Following the media-archaeological tenet that cultural technologies do not always progress in linear fashions, this project considers the material and discursive effects of neglected, obsolescent and often forgotten devices of the past, and their connections to current forms of mobile media. Its live and recorded do-it-yourself workshops and demonstrations strive to address the fundamental challenge posed by old media. Text and image-based documentation does not replace the meaningfulness of material interactions with technologies that are designed to operate in conjunction with the sensing, moving and emplaced body, yet locating archaeological objects to practice and play with is often difficult, if not near impossible. Historical devices are often too delicate to use if they exist at all. The MMA approach uses research-creation and DIY reproduction to facilitate embodied, accessible and accountable understandings of old media. It imagines academics as makers and sensation as knowledge, while encouraging everyone one to get up close and personal with centuries-old technologies.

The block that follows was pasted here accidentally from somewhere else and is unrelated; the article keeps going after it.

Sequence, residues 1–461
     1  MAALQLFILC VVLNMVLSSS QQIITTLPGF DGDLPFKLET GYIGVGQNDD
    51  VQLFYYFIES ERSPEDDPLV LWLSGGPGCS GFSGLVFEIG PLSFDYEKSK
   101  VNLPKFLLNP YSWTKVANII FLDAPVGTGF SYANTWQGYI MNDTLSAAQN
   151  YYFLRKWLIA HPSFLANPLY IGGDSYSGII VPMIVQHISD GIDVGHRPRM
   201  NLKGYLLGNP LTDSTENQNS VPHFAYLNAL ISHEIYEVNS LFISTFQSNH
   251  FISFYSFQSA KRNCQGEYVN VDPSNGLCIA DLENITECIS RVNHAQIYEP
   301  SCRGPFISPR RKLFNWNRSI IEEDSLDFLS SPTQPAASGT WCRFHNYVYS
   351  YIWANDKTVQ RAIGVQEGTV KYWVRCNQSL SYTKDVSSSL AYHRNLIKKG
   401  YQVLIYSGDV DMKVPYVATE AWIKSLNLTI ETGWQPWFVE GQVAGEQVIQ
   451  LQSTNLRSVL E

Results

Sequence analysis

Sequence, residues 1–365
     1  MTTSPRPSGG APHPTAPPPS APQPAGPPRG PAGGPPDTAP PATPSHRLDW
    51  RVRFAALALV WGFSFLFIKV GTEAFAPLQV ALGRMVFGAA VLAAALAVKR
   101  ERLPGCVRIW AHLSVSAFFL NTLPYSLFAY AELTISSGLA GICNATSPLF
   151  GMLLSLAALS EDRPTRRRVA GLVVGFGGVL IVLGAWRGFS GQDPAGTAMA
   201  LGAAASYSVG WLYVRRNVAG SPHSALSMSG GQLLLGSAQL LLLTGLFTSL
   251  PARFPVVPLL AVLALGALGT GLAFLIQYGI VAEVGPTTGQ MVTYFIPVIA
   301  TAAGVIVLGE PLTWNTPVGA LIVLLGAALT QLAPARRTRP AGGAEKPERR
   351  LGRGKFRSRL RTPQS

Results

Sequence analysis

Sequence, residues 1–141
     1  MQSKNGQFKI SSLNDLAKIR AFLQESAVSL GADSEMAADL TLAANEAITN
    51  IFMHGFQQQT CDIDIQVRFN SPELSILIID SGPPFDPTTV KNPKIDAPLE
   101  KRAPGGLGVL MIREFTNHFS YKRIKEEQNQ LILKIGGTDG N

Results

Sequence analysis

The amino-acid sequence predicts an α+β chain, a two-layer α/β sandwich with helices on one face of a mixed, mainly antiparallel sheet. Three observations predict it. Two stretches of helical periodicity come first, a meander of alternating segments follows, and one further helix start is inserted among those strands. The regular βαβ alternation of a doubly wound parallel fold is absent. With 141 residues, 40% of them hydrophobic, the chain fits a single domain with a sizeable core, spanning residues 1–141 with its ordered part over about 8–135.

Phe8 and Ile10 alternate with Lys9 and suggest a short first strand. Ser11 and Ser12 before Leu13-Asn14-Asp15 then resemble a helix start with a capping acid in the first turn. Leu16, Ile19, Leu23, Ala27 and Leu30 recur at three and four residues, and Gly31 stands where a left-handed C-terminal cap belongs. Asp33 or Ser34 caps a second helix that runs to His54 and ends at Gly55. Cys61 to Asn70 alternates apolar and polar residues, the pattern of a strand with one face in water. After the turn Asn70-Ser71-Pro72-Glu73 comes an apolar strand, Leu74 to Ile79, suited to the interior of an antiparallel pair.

The first three projects shown here stem from doctoral research on the camera obscura by Alison Reiko Loader and feature inexpensive, easy-to-make objects that have delighted both media scholars and children alike. Videos on the eighteenth-century Claude glass used for sightseeing, the handheld and walk-in camera obscura were made for Mobilities.ca in August 2013 by Loader and Caitlin Mullen, after projects designed for the Montreal Mini Maker Faire 2012, Kids Pop Montreal 2013 and the Differential Mobilities conference. Though they document the effects of these devices, the purpose of these videos is to show viewers how to make their own old devices.
Alison Reiko Loader
PhD student, Joint Doctoral Program in Communication Studies
Concordia University, Montreal, Canada